workers in London
City workers cross London Bridge during the morning rush hour(Reuters)

Screens, screens everywhere. The glass is always glaring and the data is always flowing. Sounds scary doesn't it? But get used to the idea because apparently this dystopian nightmare is the future of the world of work.

According to poll for Samsung by Ovum Analysts, up to 78% of people use their own devices for work. The firm's research also revealed that the end of the traditional nine to five workday could be over as more than four in 10 (42%) of respondents strongly agreed with the idea of being able to access work emails and apps outside of official working hours.

This brave new world of endless information and devices means there are screens of all shapes and sizes in, and outside of, the office. At least, according to Samsung's mock-up workspace of the future.

In stifling heat in a make-shift blue neon clad bunker, this reporter and other press colleagues were shown around a display room reminiscent of a science fiction flick full of gadgetry – think Terry Gilliam's Brazil or Tom Cruise's Minority Report.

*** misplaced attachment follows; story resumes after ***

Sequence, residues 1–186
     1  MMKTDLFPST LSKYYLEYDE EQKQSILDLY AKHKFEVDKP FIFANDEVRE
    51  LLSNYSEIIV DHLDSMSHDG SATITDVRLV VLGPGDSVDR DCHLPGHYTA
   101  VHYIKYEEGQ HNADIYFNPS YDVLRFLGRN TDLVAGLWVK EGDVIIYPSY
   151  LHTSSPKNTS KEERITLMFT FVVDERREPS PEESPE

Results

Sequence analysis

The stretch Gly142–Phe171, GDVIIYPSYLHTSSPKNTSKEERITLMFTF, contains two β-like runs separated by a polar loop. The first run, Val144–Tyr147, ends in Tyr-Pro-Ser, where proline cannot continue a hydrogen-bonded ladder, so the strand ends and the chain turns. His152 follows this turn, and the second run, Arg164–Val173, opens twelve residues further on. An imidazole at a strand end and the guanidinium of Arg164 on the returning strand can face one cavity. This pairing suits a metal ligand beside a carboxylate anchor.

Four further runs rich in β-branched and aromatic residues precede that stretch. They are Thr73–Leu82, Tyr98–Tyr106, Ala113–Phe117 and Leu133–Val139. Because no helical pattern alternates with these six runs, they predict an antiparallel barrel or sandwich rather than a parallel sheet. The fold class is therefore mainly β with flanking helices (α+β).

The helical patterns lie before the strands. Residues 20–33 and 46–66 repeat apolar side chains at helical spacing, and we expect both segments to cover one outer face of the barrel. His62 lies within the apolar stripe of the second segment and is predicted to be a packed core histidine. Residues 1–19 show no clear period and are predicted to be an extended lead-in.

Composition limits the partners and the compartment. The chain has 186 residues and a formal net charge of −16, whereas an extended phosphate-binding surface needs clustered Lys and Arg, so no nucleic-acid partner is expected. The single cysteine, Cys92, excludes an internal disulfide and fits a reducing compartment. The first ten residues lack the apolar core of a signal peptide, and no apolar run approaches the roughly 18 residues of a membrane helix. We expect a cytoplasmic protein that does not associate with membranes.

Password problems
Password problems: Sorry, please try again(Twitter/@ianjsilvera)

Thanks to some of the new, fancy-pants innovations you can move your computer screen, with the desired applications and programmes on, to a tablet device. Or so we were told. Because, when it came down to a demonstration of such IT sorcery, good 'ol human error thwarted our chance to see it in action.

Imagine: If only the Terminator's creator had password problems, as we had witnessed, Sarah Conor's life would've have been drabber. She would've been most probably stuck in her dead-end waitressing gig because a hapless boffin at Cyberdyne Systems kept typing "123456", instead of "12345678", into Schwarzenegger's log-in screen. Anyway, I digress.

One of the most surprising things from Samsung's research is that workers welcome the flexibility (so much for switching off then) and, jibes aside, this new technology could be a real boost for businesses.

At a time when the UK's productivity is slumping, firms can harness connectivity to help make bigger profits. This also links to the Transport Secretary's latest pledge - free wifi for train commuters. It seems the future lines between the digital and physical workplace will be a lot fuzzier.